- Infection of the mouth and throat by HPV can lead to oropharyngeal cancer
- Researchers from the US polled 508 people about their health and sexual habits
- Those with 10 oral sex partners are 4.3 times more likely to get throat cancer
- The risk is also increased by having extramarital sex, the experts warned
The risk of developing Human papillomavirus (HPV) -related mouth and throat cancer is increased by having lots of oral sex at a young age, a study has warned.
Researchers from the US polled more than 500 people about their sexual practices — including 163 people who suffered from so-called oropharyngeal cancer.
The oropharynx is the name given to the middle part of the throat, behind the mouth, and includes the back third of the tongue, the tonsils and the soft palate.The team found that having 10 or more oral sex partners increases your risk of oropharyngeal cancer by 4.3 times.
The work builds on past studies that have linked performing oral sex with HPV-related cancer — which is triggered by the virus infecting the mouth and throat.
Experts have previously warned that men are up to four times more likely to develop HPV-related cancers as a result of oral sex than women.
'It is not only the number of oral sexual partners, but also other factors not previously appreciated that contribute to the risk of exposure to HPV orally and subsequent HPV-related oropharyngeal cancer,' said paper author Virginia Drake.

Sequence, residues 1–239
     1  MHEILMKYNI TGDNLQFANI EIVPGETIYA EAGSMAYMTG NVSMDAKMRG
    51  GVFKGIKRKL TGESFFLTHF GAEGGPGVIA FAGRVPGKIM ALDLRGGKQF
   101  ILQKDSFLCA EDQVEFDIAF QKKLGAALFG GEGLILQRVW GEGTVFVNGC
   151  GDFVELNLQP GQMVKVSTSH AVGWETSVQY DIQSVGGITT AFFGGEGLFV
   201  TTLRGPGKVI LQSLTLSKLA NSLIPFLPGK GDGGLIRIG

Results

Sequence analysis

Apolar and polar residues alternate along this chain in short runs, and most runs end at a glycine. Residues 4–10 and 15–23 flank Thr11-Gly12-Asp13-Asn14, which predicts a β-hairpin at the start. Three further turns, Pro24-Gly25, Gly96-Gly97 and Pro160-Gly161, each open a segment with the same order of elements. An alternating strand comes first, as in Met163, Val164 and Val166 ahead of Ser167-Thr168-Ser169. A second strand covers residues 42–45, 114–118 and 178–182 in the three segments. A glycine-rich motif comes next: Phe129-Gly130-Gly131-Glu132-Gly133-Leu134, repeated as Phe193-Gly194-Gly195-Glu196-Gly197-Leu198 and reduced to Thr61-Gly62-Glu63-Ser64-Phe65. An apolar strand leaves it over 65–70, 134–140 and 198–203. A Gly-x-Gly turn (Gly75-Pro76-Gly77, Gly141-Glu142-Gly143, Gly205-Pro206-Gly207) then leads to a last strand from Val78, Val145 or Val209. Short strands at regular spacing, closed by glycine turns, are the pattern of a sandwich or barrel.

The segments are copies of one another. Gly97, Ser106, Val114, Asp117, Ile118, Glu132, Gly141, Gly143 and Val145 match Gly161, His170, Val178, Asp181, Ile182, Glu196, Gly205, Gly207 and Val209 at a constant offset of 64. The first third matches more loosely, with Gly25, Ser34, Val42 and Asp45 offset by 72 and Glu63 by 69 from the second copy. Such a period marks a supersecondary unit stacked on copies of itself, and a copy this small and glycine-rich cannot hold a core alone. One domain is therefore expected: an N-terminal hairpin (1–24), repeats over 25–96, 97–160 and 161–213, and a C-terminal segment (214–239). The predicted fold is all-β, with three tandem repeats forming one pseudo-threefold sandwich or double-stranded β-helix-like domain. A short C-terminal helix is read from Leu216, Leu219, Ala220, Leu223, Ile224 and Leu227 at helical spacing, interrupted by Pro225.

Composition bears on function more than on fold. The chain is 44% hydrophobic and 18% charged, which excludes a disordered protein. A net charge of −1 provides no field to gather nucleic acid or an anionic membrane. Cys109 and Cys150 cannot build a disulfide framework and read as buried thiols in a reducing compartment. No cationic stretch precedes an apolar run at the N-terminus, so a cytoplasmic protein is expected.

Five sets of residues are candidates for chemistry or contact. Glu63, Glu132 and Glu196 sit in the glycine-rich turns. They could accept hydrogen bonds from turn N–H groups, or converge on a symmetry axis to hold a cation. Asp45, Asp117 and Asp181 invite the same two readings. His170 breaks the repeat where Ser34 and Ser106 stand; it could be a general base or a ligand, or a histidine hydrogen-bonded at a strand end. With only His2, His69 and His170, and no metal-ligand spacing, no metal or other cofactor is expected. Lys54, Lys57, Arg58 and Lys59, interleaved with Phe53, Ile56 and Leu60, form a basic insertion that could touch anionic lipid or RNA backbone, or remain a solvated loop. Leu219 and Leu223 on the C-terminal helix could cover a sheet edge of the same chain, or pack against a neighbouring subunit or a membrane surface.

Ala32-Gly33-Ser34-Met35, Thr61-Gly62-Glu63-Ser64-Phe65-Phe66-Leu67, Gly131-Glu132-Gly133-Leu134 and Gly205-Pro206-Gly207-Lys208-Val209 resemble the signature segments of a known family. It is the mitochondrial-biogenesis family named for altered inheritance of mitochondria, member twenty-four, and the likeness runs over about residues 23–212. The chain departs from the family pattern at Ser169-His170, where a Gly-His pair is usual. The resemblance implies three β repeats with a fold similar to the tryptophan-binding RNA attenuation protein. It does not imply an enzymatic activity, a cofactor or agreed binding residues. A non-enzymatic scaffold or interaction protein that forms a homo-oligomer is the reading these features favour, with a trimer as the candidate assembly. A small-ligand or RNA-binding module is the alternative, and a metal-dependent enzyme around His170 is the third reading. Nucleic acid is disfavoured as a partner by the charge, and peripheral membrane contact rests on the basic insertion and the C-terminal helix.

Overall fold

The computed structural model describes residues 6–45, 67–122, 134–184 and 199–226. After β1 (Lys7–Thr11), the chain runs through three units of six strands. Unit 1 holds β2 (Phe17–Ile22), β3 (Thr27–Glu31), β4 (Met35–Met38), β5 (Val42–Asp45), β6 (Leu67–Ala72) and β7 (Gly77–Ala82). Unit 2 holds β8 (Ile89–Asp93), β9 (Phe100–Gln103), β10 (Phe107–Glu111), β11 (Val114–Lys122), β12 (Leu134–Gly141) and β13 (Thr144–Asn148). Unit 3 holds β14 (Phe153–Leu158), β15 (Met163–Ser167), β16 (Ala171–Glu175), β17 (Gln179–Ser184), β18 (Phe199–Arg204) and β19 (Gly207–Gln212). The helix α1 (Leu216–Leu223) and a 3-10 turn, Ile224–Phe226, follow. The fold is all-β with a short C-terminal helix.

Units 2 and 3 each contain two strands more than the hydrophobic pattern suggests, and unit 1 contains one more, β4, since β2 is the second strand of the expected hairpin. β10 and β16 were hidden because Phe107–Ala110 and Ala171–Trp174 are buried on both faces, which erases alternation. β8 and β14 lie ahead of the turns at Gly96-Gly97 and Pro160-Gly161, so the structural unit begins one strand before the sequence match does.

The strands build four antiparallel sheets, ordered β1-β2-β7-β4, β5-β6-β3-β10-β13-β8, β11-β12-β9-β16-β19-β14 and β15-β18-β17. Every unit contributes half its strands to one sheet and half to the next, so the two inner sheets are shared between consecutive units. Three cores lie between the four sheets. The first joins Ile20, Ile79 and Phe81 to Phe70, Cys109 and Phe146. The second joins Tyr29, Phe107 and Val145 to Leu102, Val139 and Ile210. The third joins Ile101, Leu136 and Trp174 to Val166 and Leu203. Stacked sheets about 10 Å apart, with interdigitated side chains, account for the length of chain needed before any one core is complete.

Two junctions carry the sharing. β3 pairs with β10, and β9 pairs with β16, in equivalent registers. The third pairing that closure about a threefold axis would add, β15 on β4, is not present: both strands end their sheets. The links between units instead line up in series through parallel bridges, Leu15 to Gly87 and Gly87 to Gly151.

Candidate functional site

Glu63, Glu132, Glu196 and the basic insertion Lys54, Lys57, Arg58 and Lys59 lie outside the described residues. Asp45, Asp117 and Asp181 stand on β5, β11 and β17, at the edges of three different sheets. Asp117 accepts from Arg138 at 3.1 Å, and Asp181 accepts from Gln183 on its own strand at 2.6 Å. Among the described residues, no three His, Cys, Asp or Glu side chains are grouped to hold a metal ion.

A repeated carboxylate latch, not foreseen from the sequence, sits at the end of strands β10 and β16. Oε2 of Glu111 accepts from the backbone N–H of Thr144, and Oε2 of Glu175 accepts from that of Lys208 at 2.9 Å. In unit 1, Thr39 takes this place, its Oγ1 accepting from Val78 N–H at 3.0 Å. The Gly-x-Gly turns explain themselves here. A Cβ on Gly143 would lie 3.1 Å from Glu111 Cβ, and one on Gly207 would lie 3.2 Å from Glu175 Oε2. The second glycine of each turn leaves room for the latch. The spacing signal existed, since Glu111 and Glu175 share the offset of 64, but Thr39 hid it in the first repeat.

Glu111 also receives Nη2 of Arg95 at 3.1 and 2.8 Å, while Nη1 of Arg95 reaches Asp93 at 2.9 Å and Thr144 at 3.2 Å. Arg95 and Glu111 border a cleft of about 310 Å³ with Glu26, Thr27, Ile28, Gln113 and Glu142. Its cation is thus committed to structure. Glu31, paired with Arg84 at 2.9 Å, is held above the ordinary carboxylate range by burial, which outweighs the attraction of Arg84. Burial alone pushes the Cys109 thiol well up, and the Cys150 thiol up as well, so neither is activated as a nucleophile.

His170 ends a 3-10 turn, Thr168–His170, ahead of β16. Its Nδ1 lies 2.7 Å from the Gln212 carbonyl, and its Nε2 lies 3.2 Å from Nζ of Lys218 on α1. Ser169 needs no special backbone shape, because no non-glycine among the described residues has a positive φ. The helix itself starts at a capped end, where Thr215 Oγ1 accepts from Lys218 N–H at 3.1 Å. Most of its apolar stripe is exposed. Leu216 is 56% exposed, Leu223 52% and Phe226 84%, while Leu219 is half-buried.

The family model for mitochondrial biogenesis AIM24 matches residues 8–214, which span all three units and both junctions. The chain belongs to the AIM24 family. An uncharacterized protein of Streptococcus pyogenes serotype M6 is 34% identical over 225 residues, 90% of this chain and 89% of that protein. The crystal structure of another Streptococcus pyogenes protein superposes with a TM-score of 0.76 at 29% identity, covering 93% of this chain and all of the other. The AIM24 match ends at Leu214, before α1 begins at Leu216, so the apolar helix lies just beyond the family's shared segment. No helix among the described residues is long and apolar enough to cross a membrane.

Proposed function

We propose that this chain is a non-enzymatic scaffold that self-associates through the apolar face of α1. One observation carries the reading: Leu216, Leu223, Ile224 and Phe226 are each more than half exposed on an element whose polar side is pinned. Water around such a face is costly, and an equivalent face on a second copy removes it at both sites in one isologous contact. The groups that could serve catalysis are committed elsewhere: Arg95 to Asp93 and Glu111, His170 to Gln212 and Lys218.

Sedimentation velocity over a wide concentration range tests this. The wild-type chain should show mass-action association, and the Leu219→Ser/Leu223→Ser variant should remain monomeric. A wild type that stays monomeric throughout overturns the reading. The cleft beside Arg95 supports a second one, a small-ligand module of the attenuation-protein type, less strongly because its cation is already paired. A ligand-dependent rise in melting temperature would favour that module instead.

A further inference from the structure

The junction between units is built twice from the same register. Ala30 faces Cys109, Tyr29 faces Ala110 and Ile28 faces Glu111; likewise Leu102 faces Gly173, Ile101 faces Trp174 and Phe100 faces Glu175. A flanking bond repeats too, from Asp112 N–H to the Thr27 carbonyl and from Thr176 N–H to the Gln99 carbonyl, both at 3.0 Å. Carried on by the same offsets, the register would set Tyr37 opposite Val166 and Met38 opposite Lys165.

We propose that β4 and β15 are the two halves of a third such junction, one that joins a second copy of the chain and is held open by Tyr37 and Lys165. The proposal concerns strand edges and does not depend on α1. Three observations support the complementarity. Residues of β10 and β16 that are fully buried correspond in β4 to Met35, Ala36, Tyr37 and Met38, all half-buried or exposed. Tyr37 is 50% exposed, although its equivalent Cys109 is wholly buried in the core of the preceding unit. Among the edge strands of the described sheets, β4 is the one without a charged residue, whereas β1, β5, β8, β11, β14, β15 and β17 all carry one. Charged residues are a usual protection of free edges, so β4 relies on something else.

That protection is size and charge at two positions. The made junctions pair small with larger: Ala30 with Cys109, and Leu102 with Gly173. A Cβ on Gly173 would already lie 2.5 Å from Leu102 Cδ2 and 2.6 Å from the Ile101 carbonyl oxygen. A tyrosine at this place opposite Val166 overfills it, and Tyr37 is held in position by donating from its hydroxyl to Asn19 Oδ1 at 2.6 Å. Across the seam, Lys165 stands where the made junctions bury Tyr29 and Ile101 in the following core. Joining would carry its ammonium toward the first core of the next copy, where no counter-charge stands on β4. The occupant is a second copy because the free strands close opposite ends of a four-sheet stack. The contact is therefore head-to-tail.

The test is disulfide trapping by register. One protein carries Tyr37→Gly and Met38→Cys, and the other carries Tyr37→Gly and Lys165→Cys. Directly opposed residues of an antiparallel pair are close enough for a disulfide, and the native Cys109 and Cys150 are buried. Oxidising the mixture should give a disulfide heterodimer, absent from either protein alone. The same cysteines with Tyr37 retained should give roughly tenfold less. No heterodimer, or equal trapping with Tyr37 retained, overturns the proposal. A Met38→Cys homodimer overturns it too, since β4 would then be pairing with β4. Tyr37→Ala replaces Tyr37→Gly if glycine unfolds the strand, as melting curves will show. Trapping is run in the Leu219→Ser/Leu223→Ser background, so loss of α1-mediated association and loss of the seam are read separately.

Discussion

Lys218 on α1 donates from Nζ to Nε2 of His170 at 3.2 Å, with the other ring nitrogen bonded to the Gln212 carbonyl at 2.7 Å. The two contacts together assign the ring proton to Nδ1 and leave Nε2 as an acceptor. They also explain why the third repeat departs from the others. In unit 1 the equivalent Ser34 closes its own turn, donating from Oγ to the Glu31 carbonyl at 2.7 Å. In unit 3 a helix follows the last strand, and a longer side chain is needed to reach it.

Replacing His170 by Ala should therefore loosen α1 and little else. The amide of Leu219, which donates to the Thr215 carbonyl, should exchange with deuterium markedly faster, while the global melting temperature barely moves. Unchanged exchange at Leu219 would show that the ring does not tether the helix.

'As the incidence of HPV-related oropharyngeal cancer continues to rise in the United States, our study offers a contemporary evaluation of risk factors for this disease,' the Johns Hopkins University otolaryngologist added.
We have uncovered additional nuances of how and why some people may develop this cancer, which may help identify those at greater risk.'In their study, Dr Drake and colleagues polled 508 people — including 163 with HPV-related oropharyngeal cancer — about their oral sex behaviours.
The team found that having 10 or more oral sex partners was associated with and 4.3-fold increase in the likelihood of developing HPV-related mouth or throat cancer.
Furthermore, higher levels of cancer risk were also associated with performing oral sex with many different partners in a short period of time, as well as having oral sex at a younger age.Alongside the role played by the timing and frequency of oral sex, the team also found that individuals who had older sexual partners in their youth were at a greater risk of HPV-related oropharyngeal cancer.
Similarly, the cancer risk was found to be higher among those individuals who had extramarital sex.
The full findings of the study were published in the journal Cancer.